Trump Administration Rule Would Penalize Immigrants For Needing Benefits
KPBS Midday Edition Segments / August 12, 2019
The Trump administration is moving forward with regulations that are expected to dramatically reshape the U.S. immigration system by denying green cards and visas to immigrants who use — or are expected to use — a wide range of federal, state and local government benefits.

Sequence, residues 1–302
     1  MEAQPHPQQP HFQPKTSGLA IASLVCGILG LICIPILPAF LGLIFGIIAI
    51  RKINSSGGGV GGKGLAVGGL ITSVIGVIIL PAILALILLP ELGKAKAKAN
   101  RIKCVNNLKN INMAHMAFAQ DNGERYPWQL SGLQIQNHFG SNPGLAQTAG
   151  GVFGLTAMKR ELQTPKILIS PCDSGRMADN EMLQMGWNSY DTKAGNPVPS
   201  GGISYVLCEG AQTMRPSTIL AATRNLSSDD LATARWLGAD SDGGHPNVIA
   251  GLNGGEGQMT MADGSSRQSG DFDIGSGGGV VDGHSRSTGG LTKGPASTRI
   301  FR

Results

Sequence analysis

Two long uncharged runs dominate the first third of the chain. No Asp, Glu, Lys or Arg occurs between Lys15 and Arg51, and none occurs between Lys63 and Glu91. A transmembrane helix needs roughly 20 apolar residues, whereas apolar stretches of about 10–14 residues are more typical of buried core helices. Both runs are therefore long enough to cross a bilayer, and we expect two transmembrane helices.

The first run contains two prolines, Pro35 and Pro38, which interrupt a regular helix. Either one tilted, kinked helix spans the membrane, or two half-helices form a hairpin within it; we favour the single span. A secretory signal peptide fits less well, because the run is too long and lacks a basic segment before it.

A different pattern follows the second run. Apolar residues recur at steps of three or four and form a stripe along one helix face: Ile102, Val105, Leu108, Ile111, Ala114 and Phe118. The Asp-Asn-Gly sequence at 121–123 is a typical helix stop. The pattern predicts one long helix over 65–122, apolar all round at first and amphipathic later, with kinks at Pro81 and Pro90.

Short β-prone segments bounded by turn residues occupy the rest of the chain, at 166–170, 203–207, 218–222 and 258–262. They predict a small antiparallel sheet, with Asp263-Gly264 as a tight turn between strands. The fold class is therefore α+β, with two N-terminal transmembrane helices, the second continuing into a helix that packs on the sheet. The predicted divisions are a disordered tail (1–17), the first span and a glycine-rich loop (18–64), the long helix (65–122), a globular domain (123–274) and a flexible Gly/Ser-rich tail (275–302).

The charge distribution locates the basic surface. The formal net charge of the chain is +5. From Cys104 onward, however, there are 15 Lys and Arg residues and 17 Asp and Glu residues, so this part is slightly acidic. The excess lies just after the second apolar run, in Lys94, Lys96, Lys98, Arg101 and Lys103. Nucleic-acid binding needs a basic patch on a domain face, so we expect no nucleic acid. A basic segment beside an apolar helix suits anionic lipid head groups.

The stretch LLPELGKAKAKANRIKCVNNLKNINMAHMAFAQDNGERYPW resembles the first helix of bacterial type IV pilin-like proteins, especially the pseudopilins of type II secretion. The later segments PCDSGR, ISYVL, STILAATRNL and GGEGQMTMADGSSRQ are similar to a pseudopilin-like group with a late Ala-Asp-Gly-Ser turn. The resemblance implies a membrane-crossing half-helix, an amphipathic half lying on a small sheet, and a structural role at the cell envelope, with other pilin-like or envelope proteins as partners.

Speaker 1: 00:00 Immigrants in California who received medical or CalFresh benefits could soon find they are not eligible for green cards. The Trump administration just announced a broad expansion to the so-called public charge rule, which tries to screen out immigrants who rely on government for assistance. Only a small percentage of immigrants directly qualify for government programs. But the new rules announced today will also allow officials to determine if green card applicants will likely rely on public assistance in the future. The change makes it more likely that poor immigrants will be denied illegal working status in the u s joining me is Lillian Serrano. She's chair of the San Diego Immigrants Rights consortium. And Lillian, welcome to the program. Thank you for having me. What's your understanding of how this new expansion of the public charge rule will work and who will be affected?